At first I was fascinated by the idea of women being in charge, and the change felt good. Hey, I’ll admit men haven’t done such a swell job managing world affairs or even domestic ones over pretty much all written history, so I was curious what it’d be like if men took more of a secondary role and let the women call all the shots for awhile.

As I walked about the town, I was wondering where they were keeping the rest of the men. I’d see them driving the women around in these funky motorized motorbike taxis, and directing traffic. Or, I’d see mostly men who looked kind of beaten and drunk on a street corner or in the park, but mostly women everywhere you looked.

Also noticed many of the women were attractive and the strong nature they exuded was kind of sexy to be perfectly honest. That could also be because the hotel I was staying in was decorated with semi-nude warrior women with gold Indian headdresses, spears and shields. Found myself studying most of the paintings for a good while longer than I normally would have studied typical hotel artwork. Dominatrix fetish anyone?

Another oddity noticed, was that a few men I did see where obviously some hybrid transsexuals they call "Muxe". Some with partial women’s attire, and others wore normal male attire but with feminine-styled hair and make-up. They somehow seemed different from the other transvestite and transsexual men I’d seen in other parts of Mexico. These feminine men were working alongside the women and appeared to be accepted as one of their own… as if they were equal to women. It’s hard to describe, but it seemed like these men had been completely accepted and raised as if they were indeed women and equal to women since a very early age, and nothing exhibitionist about them at all. There wasn’t anything they were trying to hide or exhibit, there were simply “women” without the specific biological hardware, or I guess “software” might be more accurate.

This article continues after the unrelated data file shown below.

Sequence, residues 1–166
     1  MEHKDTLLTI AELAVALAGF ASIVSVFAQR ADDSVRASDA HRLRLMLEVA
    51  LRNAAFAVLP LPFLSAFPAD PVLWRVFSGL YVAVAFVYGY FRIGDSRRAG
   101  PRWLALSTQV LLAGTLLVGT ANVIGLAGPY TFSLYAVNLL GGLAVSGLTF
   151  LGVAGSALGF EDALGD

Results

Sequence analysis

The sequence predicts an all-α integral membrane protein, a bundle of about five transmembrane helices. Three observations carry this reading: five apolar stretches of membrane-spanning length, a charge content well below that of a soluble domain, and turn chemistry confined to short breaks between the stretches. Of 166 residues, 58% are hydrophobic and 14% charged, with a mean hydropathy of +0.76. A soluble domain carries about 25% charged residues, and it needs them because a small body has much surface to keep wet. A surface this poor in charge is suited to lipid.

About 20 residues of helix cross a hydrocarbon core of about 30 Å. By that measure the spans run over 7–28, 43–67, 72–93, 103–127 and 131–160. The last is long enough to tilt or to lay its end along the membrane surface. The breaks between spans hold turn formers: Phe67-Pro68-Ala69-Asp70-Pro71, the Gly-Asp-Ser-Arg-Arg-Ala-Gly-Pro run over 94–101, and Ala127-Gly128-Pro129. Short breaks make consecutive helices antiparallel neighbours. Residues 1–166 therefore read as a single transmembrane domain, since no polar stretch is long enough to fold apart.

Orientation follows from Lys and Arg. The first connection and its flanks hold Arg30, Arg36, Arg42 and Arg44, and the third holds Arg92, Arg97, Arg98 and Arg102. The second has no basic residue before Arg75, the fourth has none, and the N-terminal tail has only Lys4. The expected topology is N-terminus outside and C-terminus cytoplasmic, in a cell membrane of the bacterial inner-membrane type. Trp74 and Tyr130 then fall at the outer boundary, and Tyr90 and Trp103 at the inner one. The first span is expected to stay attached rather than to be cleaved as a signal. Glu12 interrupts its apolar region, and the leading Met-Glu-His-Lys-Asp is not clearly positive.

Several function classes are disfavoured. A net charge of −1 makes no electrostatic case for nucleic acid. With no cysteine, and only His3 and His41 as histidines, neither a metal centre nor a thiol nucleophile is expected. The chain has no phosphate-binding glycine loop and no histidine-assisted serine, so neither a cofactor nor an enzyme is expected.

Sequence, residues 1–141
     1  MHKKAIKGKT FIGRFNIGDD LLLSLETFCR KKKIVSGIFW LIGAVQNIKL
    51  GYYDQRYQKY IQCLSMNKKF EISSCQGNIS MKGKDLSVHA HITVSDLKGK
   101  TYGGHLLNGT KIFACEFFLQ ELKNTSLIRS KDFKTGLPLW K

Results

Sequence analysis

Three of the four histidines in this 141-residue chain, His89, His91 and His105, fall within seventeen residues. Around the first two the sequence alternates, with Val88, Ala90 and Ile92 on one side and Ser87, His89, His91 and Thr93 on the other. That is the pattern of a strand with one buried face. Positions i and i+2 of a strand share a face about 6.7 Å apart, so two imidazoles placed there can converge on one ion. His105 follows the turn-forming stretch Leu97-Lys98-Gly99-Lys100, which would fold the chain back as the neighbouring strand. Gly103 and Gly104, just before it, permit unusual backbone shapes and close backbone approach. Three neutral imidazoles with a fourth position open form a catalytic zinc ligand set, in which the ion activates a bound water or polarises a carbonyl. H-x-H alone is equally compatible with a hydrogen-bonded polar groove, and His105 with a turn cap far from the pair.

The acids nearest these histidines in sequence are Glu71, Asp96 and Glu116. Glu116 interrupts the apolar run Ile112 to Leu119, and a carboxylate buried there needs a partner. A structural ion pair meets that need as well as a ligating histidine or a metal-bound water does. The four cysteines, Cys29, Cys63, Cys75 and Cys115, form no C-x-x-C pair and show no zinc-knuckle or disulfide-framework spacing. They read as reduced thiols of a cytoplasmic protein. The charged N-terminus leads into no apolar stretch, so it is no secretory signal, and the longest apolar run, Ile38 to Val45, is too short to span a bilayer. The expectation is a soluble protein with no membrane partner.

After a couple of days the positive feeling waned a bit. Embarrassed to admit that feeling of being “secondary” didn’t feel so comfortable. Wondered if this is how women feel in general, or basically tolerate in the modern male-dominated societies? It really became increasingly less comfortable there in Tehuantepec after just three days and I was ready to move on... out of the awkward heat and up into the much cooler mountains. Not just because of the heat, but if began to feel like I was wandering around in some gigantic women’s clinic. Maybe it was all that thick estrogen that was rubbing me wrong for some reason, but I soon understood why men were a bit scarce in the area. I’d still like to return to Tehuantepec at some point and spend more time learning about how this completely unique culture developed and how well the community functions with women in charge. For the time being I wanted to get the Hell out of there muy pronto. 

I’m told the women also share political power there, about 50/50 with the men and that it seems to work out very well. The women simply don’t do much of the menial labor and call most of the shots for everyday business affairs. Next time I think I’ll spend some time in the nearby and much larger city of Juchitan as well to see if that female power thing is still as palpable in a much larger and more populated setting.

Tehuantepec is definitely a fascinating place that I'll visit again one day, but for now I’d had enough of the balmy, heat of the Oaxaca coast and still had a bit of fever to squash. Fever in a hot climate is doubly painful and was causing me pretty severe headaches after the Tylenol wore off. Definitely improving though, and felt up to doing the ride up into the mountains. The non-stop dramatic hairpin curves that take a good two hours to ride, is easily one of the most dramatic rides in Mexico.

Hydrated, dosed with Tylenol, and focussed... next stop, the psychedelic Mecca they call San Jose del Pacifico!